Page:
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Emergency communication by amateur radio stations.
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IN HAMNET's Amateur Radio Report........a week of much activity - read more...........

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Something has gone terribly wrong. Normal ways of doing things are not working. The fastest way to turn an emergency into a full disaster is to lose communications.

Radio Amateurs understand emergencies. For over 70 years they have provided emergency communications for organisations. When normal ways of communication fail or get overloaded Radio Amateurs will be there.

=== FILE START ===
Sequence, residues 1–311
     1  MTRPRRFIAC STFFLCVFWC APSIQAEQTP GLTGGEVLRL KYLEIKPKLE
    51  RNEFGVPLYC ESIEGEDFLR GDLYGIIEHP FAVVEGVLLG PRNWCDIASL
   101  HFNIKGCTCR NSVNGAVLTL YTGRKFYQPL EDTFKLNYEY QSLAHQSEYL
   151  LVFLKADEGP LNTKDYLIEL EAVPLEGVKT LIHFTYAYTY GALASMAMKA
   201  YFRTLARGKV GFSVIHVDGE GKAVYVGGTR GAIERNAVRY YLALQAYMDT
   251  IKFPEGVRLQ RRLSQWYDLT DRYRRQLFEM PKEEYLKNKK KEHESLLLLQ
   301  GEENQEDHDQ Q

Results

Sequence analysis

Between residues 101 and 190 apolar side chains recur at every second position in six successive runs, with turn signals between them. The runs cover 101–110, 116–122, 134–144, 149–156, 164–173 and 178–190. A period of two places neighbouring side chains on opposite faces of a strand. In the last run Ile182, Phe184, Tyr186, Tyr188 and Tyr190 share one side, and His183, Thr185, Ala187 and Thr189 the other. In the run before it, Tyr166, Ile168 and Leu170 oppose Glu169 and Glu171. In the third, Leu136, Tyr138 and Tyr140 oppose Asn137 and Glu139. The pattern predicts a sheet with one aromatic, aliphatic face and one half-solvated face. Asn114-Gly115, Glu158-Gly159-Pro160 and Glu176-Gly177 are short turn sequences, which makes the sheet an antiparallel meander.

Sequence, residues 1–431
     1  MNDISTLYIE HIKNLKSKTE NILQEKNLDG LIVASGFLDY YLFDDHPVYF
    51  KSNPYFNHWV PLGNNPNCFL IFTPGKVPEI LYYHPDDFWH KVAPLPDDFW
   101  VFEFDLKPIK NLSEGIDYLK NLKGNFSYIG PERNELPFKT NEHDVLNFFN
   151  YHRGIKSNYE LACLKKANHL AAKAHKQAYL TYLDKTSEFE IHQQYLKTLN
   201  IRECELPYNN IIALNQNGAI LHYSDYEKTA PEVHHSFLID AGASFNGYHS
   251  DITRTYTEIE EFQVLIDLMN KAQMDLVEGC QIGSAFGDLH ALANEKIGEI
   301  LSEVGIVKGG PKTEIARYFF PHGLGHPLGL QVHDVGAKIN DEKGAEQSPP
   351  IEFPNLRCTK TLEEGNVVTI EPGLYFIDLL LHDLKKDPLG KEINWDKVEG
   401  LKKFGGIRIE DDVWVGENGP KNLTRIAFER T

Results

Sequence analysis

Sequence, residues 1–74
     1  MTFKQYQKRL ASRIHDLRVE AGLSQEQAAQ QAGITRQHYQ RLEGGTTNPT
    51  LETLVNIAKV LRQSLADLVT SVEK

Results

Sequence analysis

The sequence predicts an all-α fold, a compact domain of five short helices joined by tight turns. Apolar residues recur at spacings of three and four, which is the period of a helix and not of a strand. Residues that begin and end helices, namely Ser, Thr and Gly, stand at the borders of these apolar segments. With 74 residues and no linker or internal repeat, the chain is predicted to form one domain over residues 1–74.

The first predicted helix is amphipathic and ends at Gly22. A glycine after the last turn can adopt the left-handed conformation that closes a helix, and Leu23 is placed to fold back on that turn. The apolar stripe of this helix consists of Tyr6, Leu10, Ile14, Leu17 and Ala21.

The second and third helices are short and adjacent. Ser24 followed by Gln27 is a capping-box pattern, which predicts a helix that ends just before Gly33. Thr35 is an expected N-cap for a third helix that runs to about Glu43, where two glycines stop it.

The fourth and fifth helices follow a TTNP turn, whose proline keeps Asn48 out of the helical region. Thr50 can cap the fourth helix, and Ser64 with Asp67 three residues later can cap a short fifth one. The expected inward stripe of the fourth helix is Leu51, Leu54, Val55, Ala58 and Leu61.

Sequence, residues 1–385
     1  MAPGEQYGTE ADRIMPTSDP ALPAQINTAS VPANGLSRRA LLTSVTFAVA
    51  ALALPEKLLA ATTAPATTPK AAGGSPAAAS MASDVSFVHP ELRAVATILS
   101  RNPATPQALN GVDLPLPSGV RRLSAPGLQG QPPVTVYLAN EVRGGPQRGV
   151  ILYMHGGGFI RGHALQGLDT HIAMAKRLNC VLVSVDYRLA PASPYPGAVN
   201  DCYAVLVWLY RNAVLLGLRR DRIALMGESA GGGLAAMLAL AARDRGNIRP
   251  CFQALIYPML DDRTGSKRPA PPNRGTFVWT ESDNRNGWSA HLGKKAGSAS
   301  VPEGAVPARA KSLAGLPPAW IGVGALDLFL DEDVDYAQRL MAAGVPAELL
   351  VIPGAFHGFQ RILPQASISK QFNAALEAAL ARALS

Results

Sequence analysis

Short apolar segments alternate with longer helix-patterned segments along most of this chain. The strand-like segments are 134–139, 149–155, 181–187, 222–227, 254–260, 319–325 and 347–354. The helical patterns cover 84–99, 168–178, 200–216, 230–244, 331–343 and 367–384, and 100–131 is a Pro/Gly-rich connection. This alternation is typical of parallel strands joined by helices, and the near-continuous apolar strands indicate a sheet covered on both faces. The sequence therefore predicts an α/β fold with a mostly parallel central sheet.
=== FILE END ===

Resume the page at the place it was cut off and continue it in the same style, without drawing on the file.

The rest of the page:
HAMNET, the National Emergency Communications division of the South African Radio League (SARL), provides communications for emergencies and can mobilise experienced communicators who with their own radio equipment will back up official channels or take over when all else fails.


The SARL represents all Radio Amateurs in South Africa at all levels of Government and through the IARU at the International Telecommunications Union. Radio Amateurs or "Hams" use two-way radio communication to make contact with other radio amateurs all over the world. They are even able to use satellites and on occasion speak with astronauts. Radio Hams can do this from home or while mobile in cars, boats or on foot.

Radio Hams have a full range of communication modes at their disposal. These include plain voice, Morse code, numerous digital computer modes and even graphical modes like television. A licensed radio amateur is able to join in experiments using all these modes.






Headquarters Report